During the past few weeks, I've been making the rounds to top execs at big companies across the country to see how this economic crisis is playing out on the ground. Among the consistent laments I've heard: Firms can't plan and budget for the future because it's so uncertain.
This got me thinking about the illusion we've been living with — that we could somehow predict the future, at least in business terms. It was, of course, always a mirage.
But not all uncertainty is to be feared. In this magazine, you'll find a photograph of three Harvard underclassmen, looking more like middle-school kids than Ivy Leaguers: Facebook cofounders Dustin Moskovitz, Chris Hughes, and Mark Zuckerberg. I defy readers to look at that image and say they would have predicted the impact these students would have on the world. (In a similar way, we may dismiss "washed-up" business pros, without envisioning how they might reemerge. Remember when Steve Jobs was in the wilderness at NeXT?)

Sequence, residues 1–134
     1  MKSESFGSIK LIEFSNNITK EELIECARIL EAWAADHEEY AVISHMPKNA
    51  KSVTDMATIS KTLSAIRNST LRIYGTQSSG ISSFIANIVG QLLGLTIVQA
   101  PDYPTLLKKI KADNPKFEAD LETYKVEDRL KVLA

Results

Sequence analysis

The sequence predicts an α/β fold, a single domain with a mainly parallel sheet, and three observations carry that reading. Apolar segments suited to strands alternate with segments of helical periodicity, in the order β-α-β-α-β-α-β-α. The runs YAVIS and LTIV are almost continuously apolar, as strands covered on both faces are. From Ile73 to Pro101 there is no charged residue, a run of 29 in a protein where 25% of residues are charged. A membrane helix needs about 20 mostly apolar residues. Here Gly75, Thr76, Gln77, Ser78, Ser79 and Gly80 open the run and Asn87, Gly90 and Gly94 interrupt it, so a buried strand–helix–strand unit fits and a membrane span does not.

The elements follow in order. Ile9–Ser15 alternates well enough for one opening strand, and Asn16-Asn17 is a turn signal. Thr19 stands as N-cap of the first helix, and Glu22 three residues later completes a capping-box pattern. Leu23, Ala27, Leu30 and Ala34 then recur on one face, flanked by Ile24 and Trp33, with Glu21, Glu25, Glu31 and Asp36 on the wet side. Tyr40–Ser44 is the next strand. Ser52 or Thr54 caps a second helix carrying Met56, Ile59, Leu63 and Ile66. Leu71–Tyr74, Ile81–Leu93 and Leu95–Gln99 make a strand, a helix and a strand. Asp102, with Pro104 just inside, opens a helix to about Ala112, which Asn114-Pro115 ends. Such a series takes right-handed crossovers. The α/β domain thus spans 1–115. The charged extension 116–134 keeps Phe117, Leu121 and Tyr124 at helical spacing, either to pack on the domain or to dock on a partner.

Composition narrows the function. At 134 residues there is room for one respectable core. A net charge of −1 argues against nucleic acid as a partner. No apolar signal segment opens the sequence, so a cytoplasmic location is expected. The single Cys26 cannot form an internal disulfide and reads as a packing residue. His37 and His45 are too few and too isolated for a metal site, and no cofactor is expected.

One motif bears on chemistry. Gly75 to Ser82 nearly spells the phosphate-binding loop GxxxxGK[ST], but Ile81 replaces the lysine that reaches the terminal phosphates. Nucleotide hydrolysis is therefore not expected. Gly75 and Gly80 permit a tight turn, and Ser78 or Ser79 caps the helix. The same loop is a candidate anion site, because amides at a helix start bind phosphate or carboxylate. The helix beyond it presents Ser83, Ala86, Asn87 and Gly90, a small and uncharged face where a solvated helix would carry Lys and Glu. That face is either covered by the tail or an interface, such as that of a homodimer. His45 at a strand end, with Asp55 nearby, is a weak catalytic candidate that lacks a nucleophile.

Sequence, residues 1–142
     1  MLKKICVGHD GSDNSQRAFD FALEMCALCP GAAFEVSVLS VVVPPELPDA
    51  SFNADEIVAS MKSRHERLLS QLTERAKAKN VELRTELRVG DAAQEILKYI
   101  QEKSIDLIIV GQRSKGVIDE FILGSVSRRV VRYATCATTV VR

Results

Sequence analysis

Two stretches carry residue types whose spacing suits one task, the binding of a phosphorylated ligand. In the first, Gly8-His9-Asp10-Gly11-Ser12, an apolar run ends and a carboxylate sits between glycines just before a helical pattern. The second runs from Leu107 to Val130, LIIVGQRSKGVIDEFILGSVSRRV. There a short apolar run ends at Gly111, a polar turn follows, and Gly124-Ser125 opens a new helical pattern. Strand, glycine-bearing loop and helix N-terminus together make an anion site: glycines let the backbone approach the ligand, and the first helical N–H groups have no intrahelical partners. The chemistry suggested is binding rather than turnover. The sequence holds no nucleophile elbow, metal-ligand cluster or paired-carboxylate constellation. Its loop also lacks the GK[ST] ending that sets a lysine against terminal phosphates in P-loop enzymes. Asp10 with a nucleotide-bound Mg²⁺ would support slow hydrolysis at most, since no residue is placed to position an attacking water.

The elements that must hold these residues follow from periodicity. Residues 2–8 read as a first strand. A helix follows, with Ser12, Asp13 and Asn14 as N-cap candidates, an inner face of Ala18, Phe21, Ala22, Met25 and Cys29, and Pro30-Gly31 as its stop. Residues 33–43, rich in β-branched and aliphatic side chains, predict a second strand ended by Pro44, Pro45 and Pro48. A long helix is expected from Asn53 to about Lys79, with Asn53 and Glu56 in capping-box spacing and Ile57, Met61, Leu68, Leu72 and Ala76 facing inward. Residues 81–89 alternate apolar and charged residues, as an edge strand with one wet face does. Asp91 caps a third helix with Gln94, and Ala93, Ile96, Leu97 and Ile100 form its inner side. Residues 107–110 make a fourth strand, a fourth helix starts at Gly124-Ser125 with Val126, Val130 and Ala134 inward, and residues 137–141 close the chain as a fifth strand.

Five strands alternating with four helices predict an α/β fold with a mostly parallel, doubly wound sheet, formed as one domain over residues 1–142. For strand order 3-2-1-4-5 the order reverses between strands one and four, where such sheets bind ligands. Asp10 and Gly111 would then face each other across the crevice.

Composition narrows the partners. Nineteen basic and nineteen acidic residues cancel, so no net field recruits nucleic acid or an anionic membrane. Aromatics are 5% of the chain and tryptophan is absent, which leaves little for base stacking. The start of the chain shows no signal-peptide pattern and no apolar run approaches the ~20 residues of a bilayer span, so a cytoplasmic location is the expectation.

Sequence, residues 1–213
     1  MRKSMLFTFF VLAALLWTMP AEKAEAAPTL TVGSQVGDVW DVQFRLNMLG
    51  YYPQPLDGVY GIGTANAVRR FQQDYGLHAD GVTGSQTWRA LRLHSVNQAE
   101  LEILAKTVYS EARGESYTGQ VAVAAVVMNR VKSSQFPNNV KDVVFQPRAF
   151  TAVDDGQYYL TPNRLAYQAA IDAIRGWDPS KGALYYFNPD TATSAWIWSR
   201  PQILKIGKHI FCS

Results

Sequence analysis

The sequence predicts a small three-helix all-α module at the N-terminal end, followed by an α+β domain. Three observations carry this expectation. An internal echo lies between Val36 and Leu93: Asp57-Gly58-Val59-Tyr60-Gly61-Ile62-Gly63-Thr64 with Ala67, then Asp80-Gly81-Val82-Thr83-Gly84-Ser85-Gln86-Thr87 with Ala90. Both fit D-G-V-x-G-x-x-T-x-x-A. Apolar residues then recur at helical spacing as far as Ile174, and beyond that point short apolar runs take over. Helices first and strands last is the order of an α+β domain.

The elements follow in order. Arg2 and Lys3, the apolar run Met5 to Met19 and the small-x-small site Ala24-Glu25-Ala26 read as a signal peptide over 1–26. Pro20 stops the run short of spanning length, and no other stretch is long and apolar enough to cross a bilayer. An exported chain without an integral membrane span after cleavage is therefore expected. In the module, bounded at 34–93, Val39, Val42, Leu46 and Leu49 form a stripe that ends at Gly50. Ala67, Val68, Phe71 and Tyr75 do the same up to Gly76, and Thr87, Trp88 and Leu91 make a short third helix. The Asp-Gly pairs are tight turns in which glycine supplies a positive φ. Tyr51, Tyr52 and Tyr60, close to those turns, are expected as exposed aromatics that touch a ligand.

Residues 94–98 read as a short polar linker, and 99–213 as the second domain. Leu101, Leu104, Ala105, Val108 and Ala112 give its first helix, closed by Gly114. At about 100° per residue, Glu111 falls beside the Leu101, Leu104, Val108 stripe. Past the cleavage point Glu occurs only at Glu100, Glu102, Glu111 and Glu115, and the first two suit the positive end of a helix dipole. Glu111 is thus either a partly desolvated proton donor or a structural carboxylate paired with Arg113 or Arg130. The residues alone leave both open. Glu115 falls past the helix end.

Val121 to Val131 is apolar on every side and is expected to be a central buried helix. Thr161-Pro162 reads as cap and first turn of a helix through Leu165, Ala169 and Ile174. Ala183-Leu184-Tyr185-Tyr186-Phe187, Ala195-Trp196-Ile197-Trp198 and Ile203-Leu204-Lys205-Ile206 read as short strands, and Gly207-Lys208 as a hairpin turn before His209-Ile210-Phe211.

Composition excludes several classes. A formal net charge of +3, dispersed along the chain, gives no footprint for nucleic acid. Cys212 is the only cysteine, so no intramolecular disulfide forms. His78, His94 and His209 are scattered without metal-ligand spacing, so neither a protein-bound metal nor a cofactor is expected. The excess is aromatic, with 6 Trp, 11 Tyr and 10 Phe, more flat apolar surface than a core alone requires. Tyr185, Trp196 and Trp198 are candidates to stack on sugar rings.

Two years ago, when we put Mark Zuckerberg on our cover, we had no idea Facebook's user base would jump exponentially, from 19 million then to more than 175 million today. We can't predict that this issue's cover subject, 25-year-old Chris Hughes, will replicate the success he's had with Facebook and Obama's campaign (see "Boy Wonder"). But we are certain that creativity will emerge from unexpected places. Look at how NPR has blossomed into a dominant news organization, just as the networks and news magazines retreat (see "Finely Tuned"). Even in tragedy-torn Rwanda, we see positive impact from — surprise — Costco, Starbucks, and Google CEO Eric Schmidt (see "Rwanda Rising").
These are dark days, no question. And unpredictable events, from natural disasters to fiscal meltdown to 9/11, can often make things look darker. But the unexpected can also be our friend, our ally, as long as we maintain hope and embrace our uncertain future. After all, we have no choice.